Northern Ireland has been provisionally recommended for approval to export pork products to China, according to the north’s agriculture minister Michelle O’Neill.

She said that China’s certification agency, the CNCA, has announced its intention to approve two plants in Northern Ireland to export pork, subject to them completing some remedial actions identified as part of their audit earlier this year.

“My officials are working closely with the businesses concerned to ensure this work is progressed expeditiously and to a very high standard.

“This welcome step forward follows my third visit to China in June, which was focused on negotiating these vital pork approvals. I am pleased that my efforts have borne fruit.

“Securing approval was also made possible by us hosting two inward inspections by Chinese officials in April of this year.”

O’Neill confirmed that the commencement of pork exports to China will represent a major boost for the pig industry in Northern Ireland.

“It will also provide lasting, long term benefits to the wider agri-food sector and to the economy of the north as a whole. I also look forward to the north being able to extend this trade in the future to cover the export of pig trotters and additional pork products, which are not readily consumable on the domestic market.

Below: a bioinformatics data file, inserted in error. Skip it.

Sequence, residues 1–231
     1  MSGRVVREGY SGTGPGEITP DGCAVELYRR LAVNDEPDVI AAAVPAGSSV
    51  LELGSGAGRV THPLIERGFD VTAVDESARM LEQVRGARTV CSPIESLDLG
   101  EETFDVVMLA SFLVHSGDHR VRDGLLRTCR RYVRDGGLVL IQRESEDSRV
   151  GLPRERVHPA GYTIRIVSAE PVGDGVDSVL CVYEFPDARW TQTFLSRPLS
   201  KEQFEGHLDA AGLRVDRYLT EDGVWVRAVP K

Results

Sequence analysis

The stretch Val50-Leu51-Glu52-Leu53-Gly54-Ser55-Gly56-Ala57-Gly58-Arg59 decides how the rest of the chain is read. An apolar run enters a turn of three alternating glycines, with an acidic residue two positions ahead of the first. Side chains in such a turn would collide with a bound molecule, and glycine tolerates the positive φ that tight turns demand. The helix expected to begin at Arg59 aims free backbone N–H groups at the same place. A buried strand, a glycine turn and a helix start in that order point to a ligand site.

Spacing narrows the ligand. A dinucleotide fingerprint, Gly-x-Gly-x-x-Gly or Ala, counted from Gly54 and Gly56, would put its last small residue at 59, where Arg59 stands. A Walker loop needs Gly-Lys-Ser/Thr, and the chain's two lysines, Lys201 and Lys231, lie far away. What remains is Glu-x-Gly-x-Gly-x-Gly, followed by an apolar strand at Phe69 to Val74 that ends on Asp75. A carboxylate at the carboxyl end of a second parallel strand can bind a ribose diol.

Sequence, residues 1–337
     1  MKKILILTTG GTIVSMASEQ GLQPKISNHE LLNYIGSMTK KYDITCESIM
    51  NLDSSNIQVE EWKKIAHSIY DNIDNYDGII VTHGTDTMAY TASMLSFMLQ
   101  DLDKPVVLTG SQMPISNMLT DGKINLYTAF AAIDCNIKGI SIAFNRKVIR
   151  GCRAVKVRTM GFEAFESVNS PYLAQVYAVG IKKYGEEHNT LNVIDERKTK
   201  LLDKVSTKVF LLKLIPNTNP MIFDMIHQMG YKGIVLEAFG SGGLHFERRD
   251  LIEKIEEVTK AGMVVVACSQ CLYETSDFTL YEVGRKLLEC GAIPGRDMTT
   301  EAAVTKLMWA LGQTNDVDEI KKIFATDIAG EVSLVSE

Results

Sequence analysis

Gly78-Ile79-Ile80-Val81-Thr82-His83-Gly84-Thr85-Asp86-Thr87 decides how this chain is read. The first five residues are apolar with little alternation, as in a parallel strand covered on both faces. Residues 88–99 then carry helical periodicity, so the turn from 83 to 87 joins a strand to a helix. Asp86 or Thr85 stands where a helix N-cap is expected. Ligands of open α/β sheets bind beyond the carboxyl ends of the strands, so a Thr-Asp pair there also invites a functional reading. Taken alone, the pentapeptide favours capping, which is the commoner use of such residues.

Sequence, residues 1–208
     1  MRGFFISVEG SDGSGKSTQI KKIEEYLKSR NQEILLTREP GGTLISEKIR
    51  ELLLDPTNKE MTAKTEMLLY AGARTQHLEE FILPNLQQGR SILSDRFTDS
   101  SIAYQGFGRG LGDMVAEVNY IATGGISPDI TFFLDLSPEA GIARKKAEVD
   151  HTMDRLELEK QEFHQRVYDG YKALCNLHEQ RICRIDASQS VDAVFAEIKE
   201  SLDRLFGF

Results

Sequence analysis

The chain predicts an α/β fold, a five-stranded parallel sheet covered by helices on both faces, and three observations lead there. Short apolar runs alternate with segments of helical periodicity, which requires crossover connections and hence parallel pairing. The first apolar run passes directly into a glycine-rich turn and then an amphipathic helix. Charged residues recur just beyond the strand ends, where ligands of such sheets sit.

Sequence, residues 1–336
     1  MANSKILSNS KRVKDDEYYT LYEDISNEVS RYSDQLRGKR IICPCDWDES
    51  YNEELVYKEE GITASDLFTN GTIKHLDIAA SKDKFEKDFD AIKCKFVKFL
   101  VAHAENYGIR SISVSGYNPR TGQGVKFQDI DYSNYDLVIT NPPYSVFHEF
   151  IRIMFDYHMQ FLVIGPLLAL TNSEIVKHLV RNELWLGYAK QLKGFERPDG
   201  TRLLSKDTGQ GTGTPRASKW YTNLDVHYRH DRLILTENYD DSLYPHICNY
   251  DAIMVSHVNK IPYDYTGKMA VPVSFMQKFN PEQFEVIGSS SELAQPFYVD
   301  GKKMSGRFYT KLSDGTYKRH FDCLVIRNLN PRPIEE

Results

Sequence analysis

This will add value to the carcase for producers and processors alike.

“I, and my Department, continue to invest much time and energy into opening new markets to expand the agri-food industry in the north and I look forward to making more positive announcements on market opportunities in the future.”

Ulster Farmers’ Union deputy president Ivor Ferguson has also welcomed the CNCA decision.

“This is the outcome of several years of negotiations with the CNCA. We commend all those involved in the hard work to gain access to what will soon be the world’s biggest market for pigmeat.

“These new export opportunities represent a major boost to the pork industry. They are particularly welcome when volatility caused by a number of factors, but mainly the Russian import ban, has hit prices.

“Farmers urgently need to see margins improve and part of the solution is speedier access to new export markets.”